Most spiral galaxies, including out Galaxy, have a second thicker disk component. For example, the thick disk and halo of the edge-on spiral galaxy NGC 891, which is much like the Milky Way in size and morphology, has a thick disk nicely seen in star counts from HST images (Mouhcine et al. 2010). Its thick disk has scale height ∼ 1.4 kpc and scalelength ∼ 4.8 kpc, much as in our Galaxy. The fraction of baryons in the thick disk is typically about 10 to 15 percent in large systems like the Milky Way, but rises to about 50% in the smaller disk systems (482008Yoachim & Dalcanton 2008).
The Milky Way has a significant thick disk, discovered by Gilmore & Reid (1983). Its vertical velocity dispersion is about 40 km s-1; its scale height is still uncertain but is probably about 1000 pc. The surface brightness of the thick disk is about 10% of the thin disk's, and near the Galactic plane it rotates almost as rapidly as the thin disk. Its stars are older than 10 Gyr and are significantly more metal poor than the stars of the thin disk; most of the thick disk stars have [Fe/H] values between about -0.5 and -1.0 and are enhanced in alpha-elements relative to Fe. This is usually interpreted as evidence that the thick disk formed rapidly, on a timescale ∼ 1 Gyr. From its kinematics and chemical properties, the thick disk appears to be a discrete component, distinct from the thin disk. Current opinion is that the thick disk shows no vertical abundance gradient (e.g. Gilmore et al. 1995, Ivezić et al. 2008).
The old thick disk is a very significant component for studying Galaxy formation, because it presents a kinematically and chemically recognizable relic of the early Galaxy. Secular heating is unlikely to affect its dynamics significantly, because its stars spend most of their time away from the Galactic plane.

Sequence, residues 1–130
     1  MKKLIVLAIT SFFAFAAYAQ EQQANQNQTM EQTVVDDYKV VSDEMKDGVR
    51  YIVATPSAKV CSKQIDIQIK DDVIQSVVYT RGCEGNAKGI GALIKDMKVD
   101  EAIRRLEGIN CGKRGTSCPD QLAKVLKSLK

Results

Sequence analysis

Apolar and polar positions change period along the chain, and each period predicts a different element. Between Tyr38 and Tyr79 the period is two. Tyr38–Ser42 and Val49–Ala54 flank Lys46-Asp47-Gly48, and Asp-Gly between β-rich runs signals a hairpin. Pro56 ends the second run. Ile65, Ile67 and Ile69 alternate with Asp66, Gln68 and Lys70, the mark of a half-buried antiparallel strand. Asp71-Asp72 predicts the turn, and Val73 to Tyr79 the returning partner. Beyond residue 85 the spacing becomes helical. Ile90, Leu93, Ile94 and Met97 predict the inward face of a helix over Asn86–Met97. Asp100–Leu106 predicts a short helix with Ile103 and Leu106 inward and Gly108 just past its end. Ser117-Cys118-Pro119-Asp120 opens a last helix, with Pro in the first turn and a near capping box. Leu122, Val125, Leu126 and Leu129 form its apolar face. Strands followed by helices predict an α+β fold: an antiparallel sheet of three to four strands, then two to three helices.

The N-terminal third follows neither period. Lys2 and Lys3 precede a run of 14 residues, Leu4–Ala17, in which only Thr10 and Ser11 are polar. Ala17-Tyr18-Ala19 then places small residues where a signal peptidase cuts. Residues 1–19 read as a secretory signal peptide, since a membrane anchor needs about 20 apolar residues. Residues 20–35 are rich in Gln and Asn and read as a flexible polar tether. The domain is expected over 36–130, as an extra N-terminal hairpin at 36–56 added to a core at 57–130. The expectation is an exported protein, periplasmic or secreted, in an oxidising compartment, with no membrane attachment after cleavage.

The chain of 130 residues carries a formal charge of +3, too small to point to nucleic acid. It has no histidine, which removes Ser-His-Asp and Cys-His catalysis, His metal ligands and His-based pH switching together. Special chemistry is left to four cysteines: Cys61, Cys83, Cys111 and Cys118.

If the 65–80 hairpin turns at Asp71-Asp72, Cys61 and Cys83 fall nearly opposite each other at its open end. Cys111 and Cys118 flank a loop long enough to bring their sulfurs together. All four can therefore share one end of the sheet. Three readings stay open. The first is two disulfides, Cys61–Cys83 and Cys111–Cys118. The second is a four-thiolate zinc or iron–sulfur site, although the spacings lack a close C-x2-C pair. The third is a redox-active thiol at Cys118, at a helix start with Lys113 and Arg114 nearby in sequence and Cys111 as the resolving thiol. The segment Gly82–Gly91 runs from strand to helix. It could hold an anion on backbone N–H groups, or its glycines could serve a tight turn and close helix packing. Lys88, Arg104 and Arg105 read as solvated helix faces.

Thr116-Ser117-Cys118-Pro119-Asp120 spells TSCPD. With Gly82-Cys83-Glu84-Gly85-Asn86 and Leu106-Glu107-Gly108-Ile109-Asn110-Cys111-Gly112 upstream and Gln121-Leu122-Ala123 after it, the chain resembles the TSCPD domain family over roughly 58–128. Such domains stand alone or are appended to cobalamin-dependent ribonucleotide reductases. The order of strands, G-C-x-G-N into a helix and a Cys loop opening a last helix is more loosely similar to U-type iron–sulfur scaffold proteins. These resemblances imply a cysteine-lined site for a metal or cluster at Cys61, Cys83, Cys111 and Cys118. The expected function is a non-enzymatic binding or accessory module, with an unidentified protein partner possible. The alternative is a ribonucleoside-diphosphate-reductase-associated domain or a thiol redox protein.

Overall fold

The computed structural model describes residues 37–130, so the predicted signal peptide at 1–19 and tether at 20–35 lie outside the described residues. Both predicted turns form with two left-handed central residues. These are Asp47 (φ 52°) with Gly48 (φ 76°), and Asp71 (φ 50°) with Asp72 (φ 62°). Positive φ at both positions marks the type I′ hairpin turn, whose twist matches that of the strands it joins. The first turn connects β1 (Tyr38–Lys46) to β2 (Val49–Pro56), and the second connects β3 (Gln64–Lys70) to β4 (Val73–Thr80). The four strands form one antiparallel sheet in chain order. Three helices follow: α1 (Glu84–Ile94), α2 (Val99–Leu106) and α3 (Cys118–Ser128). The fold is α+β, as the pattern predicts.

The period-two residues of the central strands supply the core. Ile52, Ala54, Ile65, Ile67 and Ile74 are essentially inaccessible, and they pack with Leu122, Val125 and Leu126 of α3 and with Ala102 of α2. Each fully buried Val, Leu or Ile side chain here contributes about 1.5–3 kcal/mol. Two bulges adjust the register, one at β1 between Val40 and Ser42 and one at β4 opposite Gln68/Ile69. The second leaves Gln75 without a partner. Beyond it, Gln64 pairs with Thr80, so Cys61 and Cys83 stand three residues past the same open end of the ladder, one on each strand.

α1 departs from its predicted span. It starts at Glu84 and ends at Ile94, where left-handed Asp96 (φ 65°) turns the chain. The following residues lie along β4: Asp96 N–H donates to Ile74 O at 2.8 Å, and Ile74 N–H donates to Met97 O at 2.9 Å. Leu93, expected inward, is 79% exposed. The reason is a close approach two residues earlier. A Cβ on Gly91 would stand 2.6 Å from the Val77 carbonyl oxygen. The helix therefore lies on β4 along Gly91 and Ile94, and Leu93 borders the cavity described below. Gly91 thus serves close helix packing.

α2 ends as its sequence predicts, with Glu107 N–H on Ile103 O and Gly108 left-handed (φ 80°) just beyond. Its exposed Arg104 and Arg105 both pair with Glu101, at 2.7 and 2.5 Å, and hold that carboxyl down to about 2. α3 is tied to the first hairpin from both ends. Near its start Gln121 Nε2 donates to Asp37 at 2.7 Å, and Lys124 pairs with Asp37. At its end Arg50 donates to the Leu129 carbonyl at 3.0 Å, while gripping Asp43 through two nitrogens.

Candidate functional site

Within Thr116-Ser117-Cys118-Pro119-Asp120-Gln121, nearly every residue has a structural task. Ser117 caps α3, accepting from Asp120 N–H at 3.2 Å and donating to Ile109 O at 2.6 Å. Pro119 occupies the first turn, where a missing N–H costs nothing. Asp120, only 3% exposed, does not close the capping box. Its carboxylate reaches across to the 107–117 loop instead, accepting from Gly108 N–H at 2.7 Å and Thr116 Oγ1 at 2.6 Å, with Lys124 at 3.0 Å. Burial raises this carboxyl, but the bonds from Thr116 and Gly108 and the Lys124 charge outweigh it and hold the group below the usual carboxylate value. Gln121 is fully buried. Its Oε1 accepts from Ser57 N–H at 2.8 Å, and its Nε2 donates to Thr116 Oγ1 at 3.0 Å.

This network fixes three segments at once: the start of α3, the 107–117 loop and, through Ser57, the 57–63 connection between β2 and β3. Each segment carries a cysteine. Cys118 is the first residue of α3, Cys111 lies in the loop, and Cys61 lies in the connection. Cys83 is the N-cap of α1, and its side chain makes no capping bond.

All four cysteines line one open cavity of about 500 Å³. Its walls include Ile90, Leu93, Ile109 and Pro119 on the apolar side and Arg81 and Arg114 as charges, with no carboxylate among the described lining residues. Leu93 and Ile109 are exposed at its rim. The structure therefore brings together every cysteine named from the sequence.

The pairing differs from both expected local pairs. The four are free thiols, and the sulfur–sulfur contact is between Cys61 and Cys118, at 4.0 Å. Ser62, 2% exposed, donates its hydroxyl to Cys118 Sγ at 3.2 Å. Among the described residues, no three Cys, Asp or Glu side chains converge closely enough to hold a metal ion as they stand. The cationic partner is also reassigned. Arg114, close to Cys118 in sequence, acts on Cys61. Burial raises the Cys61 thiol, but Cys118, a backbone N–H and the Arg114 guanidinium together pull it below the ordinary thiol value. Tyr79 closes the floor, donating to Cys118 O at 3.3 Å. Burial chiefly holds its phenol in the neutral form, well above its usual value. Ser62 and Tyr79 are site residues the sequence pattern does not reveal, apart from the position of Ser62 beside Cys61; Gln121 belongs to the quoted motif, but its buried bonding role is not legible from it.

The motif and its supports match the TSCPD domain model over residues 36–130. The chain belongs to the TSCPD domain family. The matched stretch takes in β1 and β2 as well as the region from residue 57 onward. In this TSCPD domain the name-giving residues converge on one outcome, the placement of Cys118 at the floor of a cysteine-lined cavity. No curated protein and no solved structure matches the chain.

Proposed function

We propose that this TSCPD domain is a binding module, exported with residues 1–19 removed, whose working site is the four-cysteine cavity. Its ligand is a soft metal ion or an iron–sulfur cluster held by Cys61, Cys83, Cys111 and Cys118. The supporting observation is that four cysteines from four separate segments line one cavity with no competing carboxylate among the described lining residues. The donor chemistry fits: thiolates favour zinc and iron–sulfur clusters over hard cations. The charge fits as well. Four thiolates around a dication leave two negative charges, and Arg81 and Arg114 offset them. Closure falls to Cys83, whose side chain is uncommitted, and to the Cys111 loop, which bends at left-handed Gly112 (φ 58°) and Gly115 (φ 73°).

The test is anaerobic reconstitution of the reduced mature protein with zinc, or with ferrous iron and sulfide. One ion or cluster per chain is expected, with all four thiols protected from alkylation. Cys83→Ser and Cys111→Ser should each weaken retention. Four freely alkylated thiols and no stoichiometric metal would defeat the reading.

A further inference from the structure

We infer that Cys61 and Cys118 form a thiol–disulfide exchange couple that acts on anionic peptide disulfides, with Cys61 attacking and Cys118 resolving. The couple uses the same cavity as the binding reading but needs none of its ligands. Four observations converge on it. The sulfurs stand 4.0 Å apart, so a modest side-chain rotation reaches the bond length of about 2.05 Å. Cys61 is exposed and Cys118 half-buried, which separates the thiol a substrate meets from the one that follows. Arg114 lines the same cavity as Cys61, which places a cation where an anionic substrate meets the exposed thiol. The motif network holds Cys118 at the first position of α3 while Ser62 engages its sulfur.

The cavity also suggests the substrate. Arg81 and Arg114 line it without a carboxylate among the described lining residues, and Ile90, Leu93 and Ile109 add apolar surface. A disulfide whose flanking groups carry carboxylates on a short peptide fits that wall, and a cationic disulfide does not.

How do thick disks form ? Several mechanisms have been proposed, including:
thick disks are made up of accretion debris (Abadi et al. 2003). From the mass-metallicity relation for galaxies, the accreted galaxies that built up the thick disk of the Galaxy would need to be more massive than the SMC to get the right mean [Fe/H] abundance (∼ -0.7). The possible discovery of a counter-rotating thick disk (Yoachim & Dalcanton 2008) in an edge-on galaxy would favor this mechanism.
thick disks come from the heating of the thin disk via disruption of its early massive clusters (Kroupa 2002). The internal energy of large star clusters is enough to thicken the disk. Recent work on the significance of the high redshift clump structures may be relevant to the thick disk problem: the thick disk may originate from the merging of clumps and heating by clumps (e.g. Bournaud et al. 2009). These clumps are believed to form by gravitational instability from turbulent early disks: they appear to generate thick disks with scale heights that are radially approximately uniform, rather than the flared thick disks predicted from minor mergers.
thick disks come from early partly-formed thin disks, heated by accretion events such as the accretion event which is believed to have brought omega Centauri into the Galaxy (Bekki & Freeman 2003). In this picture, thin disk formation began early, at z = 2 to 3. The partly formed thin disk is partly disrupted during the active merger epoch which heats it into thick disk observed now, The rest of the gas then gradually settles to form the present thin disk, a process which continues to the present day.
a recent suggestion is that stars on more energetic orbits migrate out from the inner galaxy to form a thick disk at larger radii where the potential gradient is weaker (Schönrich & Binney 2009)
How can we test between these possibilities for thick disk formation? Sales et al. (2009) looked at the expected orbital eccentricity distribution for thick disk stars in different formation scenarios. Their four scenarios are:
Preliminary results from the observed orbital eccentricity distribution for thick disk stars may favor the gas-rich merger picture (Wilson et al. 2011). This is a potentially powerful approach for testing ideas about the origin of the thick disk. Because it depends on the orbital properties of the thick disk sample, firm control of selection effects is needed in the identification of which stars belong to the thick disk. Kinematical criteria for choosing the thick disk sample are clearly not ideal.
To summarize this section on the thick disk: Thick disks are very common in disk galaxies. In our Galaxy, the thick disk is old, and is kinematically and chemically distinct from the thin disk. It is important now to identify what the thick disk represents in the galaxy formation process. The orbital eccentricity distribution of the thick disk stars will provide some guidance. Chemical tagging will show if the thick disk formed as a small number of very large aggregates, or if it has a significant contribution from accreted galaxies. This is one of the goals for the upcoming AAT/HERMES survey: see section 5.